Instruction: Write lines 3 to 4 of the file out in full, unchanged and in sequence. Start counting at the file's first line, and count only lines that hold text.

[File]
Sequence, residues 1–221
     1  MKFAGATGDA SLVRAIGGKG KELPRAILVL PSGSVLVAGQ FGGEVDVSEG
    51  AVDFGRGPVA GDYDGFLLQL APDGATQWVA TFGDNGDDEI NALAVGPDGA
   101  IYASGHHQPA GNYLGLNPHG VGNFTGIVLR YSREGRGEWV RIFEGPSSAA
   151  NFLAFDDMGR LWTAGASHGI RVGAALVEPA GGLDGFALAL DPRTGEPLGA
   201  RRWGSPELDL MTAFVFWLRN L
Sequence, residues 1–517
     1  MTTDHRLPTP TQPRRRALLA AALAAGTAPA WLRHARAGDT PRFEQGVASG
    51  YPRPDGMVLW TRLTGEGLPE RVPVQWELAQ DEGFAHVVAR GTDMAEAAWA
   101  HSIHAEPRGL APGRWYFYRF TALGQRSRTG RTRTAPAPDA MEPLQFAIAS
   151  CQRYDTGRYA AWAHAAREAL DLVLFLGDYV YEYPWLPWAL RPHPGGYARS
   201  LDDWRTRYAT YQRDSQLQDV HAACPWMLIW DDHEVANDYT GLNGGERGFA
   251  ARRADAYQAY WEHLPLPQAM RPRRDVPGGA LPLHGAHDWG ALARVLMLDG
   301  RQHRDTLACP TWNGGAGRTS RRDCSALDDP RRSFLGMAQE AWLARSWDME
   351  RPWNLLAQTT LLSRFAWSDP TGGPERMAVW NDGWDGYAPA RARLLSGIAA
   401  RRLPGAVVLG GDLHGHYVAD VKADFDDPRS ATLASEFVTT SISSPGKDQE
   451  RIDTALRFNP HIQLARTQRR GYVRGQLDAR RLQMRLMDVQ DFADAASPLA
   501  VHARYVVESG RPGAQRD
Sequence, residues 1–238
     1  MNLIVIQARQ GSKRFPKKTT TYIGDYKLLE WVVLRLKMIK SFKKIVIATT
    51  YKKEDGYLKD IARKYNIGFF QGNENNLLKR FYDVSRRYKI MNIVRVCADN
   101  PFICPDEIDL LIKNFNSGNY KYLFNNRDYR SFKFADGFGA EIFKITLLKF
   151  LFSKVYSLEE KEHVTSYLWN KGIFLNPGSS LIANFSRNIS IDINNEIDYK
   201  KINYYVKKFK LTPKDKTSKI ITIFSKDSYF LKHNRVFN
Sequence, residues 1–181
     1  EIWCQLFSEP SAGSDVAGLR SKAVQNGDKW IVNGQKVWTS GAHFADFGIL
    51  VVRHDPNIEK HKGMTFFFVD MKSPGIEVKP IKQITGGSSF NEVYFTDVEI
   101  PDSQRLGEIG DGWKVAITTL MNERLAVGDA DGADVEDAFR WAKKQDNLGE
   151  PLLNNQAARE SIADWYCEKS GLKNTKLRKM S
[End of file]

    51  AVDFGRGPVA GDYDGFLLQL APDGATQWVA TFGDNGDDEI NALAVGPDGA
   101  IYASGHHQPA GNYLGLNPHG VGNFTGIVLR YSREGRGEWV RIFEGPSSAA